Lastly, for this review, we come to another set of forces around us which calls forth the body’s capacity to equilibrate. These are the evolutionary forces or the evolutionary urges. In fact, the two pioneers in this field, Darwin and Lamarck have shown that evolution takes place both as an evolutionary environmental pressure for adaptation or a ‘random’ change of genes from within. Is there any conscious evolutionary urge and if so can there be a wilful participation in it is a question that needs careful and serious inquiry. Let us examine it, hence, in a little more detail. What are the fundamental principles of evolution? One, as we have already seen, is an adaptation in terms of survival, due to environmental changes, aided by or caused by random mutations. This theory of random mutations would not however explain the following anomalies:

  • What determined the step between the evolution of life from matter? According to the ‘Primordial Soup Theory’ propounded by Stanley Miller and Harold Urey as well as J.B.S. Haldane in the early fifties, it was chemical interactions due to specific environmental conditions. But this hypothesis has been supported by belief rather than proof. In fact, repeated experiments in this line have failed to produce life in any form whatsoever.
  • Experiments have demonstrated that a bacillus and an amoeba, though not equipped with a mind, still exercise a choice. Even an atom exercises a choice of the electrons in its orbit and even its smallest elements choose and change as they interact with their observer. This should logically lead us to think that a mind, an intelligent will, and a consciousness is already involved within the so-called elements and evolution only releases them in higher degrees, thus indicative of a directed process rather than random chance. The same is true of the findings of rudimentary emotions in plants and a rudimentary reason in animals.
  • Mere survival-oriented mutations would not explain the biggest of all anomalies, that is, the advent of the human being, who in terms of adaptive survival was indeed inferior to lions, gorillas, elephants, snakes and the birds.
  • And finally, why should chance mutations stop now and not evolve different forms?

These are only a few of the glaring anomalies among many others. So let us for a while view the evolutionary urge from a different standpoint — the psychological one.

In principle, all elements seek some fundamental urges — the joy of union, the striving towards immortality (crudely termed ‘survival of the self and the species’), freedom and expansion and an increasing degree of complexity[4]. Interestingly, the form changes too to adapt to this. While in the plant life, the basis is at the roots, in the fully developed or yet to develop human being the basis is in the brain (or the head). There is another urge — the urge of growth from darkness to Light, represented in human beings as a need for knowledge (for just as light illumines that unseen in the physical field, knowledge does the same in the subtler fields).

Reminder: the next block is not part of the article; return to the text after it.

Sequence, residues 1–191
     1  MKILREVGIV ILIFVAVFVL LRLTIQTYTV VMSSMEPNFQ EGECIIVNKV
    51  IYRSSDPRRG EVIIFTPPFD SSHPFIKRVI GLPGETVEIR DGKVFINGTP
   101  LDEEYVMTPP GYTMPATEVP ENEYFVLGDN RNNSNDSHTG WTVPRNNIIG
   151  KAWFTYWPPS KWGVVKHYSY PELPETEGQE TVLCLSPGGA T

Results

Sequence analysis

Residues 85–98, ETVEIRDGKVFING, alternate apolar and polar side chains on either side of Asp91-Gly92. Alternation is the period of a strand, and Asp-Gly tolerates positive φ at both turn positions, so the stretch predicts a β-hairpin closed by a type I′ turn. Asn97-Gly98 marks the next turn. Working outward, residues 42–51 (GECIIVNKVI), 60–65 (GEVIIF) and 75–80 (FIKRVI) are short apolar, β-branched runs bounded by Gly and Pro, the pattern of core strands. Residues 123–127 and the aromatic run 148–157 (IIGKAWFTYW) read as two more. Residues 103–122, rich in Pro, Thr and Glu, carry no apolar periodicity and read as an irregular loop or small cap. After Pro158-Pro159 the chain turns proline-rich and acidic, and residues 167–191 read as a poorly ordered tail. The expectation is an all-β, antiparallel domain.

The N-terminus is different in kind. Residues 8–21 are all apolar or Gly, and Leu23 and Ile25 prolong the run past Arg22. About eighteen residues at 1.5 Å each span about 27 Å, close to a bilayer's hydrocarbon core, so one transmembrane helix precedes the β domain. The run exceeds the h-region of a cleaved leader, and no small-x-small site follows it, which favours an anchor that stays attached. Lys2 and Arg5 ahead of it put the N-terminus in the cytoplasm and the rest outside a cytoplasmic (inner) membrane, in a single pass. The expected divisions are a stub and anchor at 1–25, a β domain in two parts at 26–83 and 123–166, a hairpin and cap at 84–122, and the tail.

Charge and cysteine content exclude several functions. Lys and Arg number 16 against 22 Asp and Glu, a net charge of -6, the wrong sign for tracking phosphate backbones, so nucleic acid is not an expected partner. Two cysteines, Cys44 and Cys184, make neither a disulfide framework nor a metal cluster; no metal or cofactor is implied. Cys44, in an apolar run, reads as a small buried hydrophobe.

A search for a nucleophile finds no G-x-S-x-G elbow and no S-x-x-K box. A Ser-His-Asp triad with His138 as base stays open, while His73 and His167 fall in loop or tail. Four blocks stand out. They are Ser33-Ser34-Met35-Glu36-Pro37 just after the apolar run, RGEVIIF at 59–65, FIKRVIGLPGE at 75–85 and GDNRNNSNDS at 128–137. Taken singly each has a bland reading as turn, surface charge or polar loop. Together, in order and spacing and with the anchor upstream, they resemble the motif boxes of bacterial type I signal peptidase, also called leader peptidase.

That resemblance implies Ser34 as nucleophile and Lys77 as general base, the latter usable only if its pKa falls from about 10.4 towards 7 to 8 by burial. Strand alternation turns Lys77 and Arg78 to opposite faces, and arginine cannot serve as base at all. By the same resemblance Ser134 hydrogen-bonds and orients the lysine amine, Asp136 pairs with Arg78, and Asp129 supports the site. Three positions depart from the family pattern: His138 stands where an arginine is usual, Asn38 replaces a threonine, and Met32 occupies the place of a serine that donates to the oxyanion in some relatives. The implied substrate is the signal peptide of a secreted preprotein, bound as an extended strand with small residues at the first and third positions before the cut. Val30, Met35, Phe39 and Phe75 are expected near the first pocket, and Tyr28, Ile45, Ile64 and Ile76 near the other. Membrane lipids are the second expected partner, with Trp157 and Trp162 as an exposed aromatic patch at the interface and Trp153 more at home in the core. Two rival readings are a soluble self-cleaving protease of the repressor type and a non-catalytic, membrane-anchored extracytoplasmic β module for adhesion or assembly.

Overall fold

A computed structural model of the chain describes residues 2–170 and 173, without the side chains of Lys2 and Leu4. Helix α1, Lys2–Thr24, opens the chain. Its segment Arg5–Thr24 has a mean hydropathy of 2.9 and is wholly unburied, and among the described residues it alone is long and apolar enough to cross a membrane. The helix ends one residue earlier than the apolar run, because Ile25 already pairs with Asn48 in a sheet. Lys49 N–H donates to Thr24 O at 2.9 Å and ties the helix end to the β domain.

If this be so, then could it be true that repeated interaction with the forces around us is meant or led by a conscious Evolutionary Force towards an equilibrium of a higher nature. So what we view today, as an increase of illnesses in the last few centuries has nothing to do with germs or illness in the conventional sense at all, but are rapid experiments of Nature aided by a release of forces within us towards a higher evolutionary form. What we observe today are beings in transition. All periods of transition have witnessed similar phenomena, the increased threat to survival sometimes leading to the vanishing of the entire species and other phenomena which are outside the present scope of discussion.


The Future Science of Health

We find that gradually as a result of our understanding, in some measure, however small, the terms mental health, spiritual health, a state of perfect health as well as holistic concepts of health are being evolved. Health, in a new science, would be regarded as a state of equilibrium between the elements within and around. This state of harmony would be the right basis of (w)holistic medicine which would regard all illness as a potential or actual disequilibrium and aim its treatment towards moving into a higher state of equilibrium rather than a fall back into the old ways and habits. Here, illness would be a chance for the body to grow with the rest of its being and cosmos rather than a mere threat to survival. And a growth-oriented psychological medicine would be a greater boon than a mere prolongation of life and extension of one’s sickly sojourn upon this earth.


[1] M.C. Moore-Ede, F.M. Sulzman, C.A. Fuller. The Clocks That Time Us. Cambridge, MA: Harvard University Press, 1982. C.P. Richter. Biological clocks in medicine and Psychiatry. Springfield IL: Charles C Thomson, 1965.

[2] C.F. Stroebel, Biological Rhythms in Psychiatry. Baltimore, MD: Williams & Wilkins, 1980.

[3] Boericke William, Organon of Medicine Aphorism. New Delhi: B. Jain Publishers, 1992.

[4] Sri Aurobindo, CWSA 21-22, The Life Divine, ‘The Human Aspiration’, p. 3